**Example 1. The male population’s weight data follows a normal distribution. It has a mean of 70 kg and a standard deviation of 15 kg. What would the mean and standard deviation of a sample of 50 guys be if a researcher looked at their records?**

**Solution:**

Given: μ = 70 kg, σ = 15 kg, n = 50

As per the Central Limit Theorem, the sample mean is equal to the population mean.

Hence,

\mu _{\overline{x}} = μ = 70 kgNow,

\sigma _{\overline{x}}=\frac{\sigma }{\sqrt{n}} = 15/√50⇒

\sigma _{\overline{x}} ≈ 2.1 kg

**Example 2. A distribution has a mean of 69 and a standard deviation of 420. Find the mean and standard deviation if a sample of 80 is drawn from the distribution.**

**Solution:**

Given: μ = 69, σ = 420, n = 80

As per the Central Limit Theorem, the sample mean is equal to the population mean.

Hence,

\mu _{\overline{x}} = μ = 69Now,

\sigma _{\overline{x}}=\frac{\sigma }{\sqrt{n}} ⇒

\sigma _{\overline{x}} = 420/√80⇒

\sigma _{\overline{x}} =46.95

**Example 3. The mean age of people in a colony is 34 years. Suppose the standard deviation is 15 years. The sample of size is 50. Find the mean and standard deviation of the sample.**

**Solution:**

Given: μ = 34, σ = 15, n = 50

As per the Central Limit Theorem, the sample mean is equal to the population mean.

Hence,

\mu _{\overline{x}} = μ = 34 yearsNow,

\sigma _{\overline{x}}=\frac{\sigma }{\sqrt{n}} ⇒

\sigma _{\overline{x}} = 15/√50⇒

\sigma _{\overline{x}} =2.12 years

**Example 4. The mean age of cigarette smokers is 35 years. Suppose the standard deviation is 10 years. The sample size is 39. Find the mean and standard deviation of the sample.**

**Solution:**

Given: μ = 35, σ = 10, n = 39

As per the Central Limit Theorem, the sample mean is equal to the population mean.

Hence,

\mu _{\overline{x}} = μ = 35 yearsNow,

\sigma _{\overline{x}}=\frac{\sigma }{\sqrt{n}} = 10/√39⇒

\sigma _{\overline{x}} =1.601 years

**Example 5. The mean time taken to read a newspaper is 8.2 minutes. Suppose the standard deviation is one minute. Take a sample of size 70. Find its mean and standard deviation.**

**Solution:**

Given: μ = 8.2, σ = 1, n = 70

As per the Central Limit Theorem, the sample mean is equal to the population mean.

Hence,

\mu _{\overline{x}} = μ = 8.2 minutesNow,

\sigma _{\overline{x}}=\frac{\sigma }{\sqrt{n}} = 1/√70⇒

\sigma _{\overline{x}} =0.11 minutes

**Example 6. A distribution has a mean of 12 and a standard deviation of 3. Find the mean and standard deviation if a sample of 36 is drawn from the distribution.**

**Solution:**

Given: μ = 12, σ = 3, n = 36

As per the Central Limit Theorem, the sample mean is equal to the population mean.

Hence,

\mu _{\overline{x}} = μ = 12Now,

\sigma _{\overline{x}}=\frac{\sigma }{\sqrt{n}} = 3/√36⇒

\sigma _{\overline{x}} =0.5

**Example 7. A distribution has a mean of 4 and a standard deviation of 5. Find the mean and standard deviation if a sample of 25 is drawn from the distribution.**

**Solution:**

Given: μ = 4, σ = 5, n = 25

As per the Central Limit Theorem, the sample mean is equal to the population mean.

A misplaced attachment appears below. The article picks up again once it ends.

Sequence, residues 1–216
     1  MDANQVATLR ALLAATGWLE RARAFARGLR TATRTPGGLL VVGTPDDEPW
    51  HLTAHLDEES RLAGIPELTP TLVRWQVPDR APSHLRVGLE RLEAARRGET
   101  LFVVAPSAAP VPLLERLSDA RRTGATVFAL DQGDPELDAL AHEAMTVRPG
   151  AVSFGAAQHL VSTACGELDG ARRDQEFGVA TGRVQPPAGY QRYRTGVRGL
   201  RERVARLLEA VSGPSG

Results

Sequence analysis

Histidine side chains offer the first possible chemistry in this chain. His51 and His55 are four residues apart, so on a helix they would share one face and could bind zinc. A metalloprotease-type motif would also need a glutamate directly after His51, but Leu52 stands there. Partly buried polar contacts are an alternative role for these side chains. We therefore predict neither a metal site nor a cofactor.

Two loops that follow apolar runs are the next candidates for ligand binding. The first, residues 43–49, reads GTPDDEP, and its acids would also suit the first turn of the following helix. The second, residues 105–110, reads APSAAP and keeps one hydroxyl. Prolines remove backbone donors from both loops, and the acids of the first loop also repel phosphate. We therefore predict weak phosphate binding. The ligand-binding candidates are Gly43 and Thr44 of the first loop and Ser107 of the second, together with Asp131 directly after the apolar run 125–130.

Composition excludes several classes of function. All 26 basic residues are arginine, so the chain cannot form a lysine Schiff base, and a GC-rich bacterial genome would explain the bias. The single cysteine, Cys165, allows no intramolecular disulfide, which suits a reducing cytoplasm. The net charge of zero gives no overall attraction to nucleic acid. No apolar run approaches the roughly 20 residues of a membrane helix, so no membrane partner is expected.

Hence,

\mu _{\overline{x}} = μ = 4Now,

\sigma _{\overline{x}}=\frac{\sigma }{\sqrt{n}} ⇒

\sigma _{\overline{x}} = 5/√25⇒

\sigma _{\overline{x}} =1

**People Also View:**

**People Also View:**

## Summary – Central Limit Theorem

The Central Limit Theorem (CLT) is a cornerstone of statistical theory that establishes the conditions under which the mean of a large number of independent, identically distributed random variables, irrespective of the population’s distribution, will approximate a normal distribution. Key assumptions for the CLT to hold include random sampling, independence among samples, a sample size that does not exceed 10% of the population for sampling without replacement, and a sample size generally greater than 30 to ensure the sample mean’s distribution approximates normality for populations with finite variance. The theorem is mathematically represented by the formula * X*∼

*(*

*N**,*

*μ**/*

*σ**), where*

*n**is the population mean,*

*μ**is the standard deviation, and*

*σ**is the sample size. This principle is proved through the use of moment-generating functions, illustrating that as sample size increases, the distribution of the sample mean approaches that of a standard normal distribution. The CLT’s applications span across various fields including economics, biology, manufacturing, and even machine learning, assisting in making predictions about population characteristics, statistical modeling, and understanding the performance of models through analysis of sample data.*

*n*## FAQs on Central Limit Theorem

### What is Central Limit Theorem in Statistics?

Central Limit Theroem in statistics states that whenever we take a large sample size of a population then the distribution of sample mean approximates to the normal distribution.

### When does Central Limit Theorem apply?

Central Limit theorem applies when the sample size is larger usually greater than 30.

### Why is Central Limit Theorem important?

Central Limit Theorem is important as it helps to make accurate prediction about a population just by analyzing the sample.

### How to solve Central Limit Theorem?

The Central Limit Theorem can be solved by finding Z score which is calculated by using the formula Z =

\dfrac{\overline x – \mu}{\frac{\sigma}{\sqrt n}} . The detailed process has been discussed under the heading “Steps to Solve Central Limit Theorem”.

### What is Moment Generating Function?

Moment Generating Function is a function that encodes the moment of a random variable into a function. It is the expectation of a function of Random Variable. It acts as alternative to Probability Distribution Function and Cumulative Distribution Function for a random variable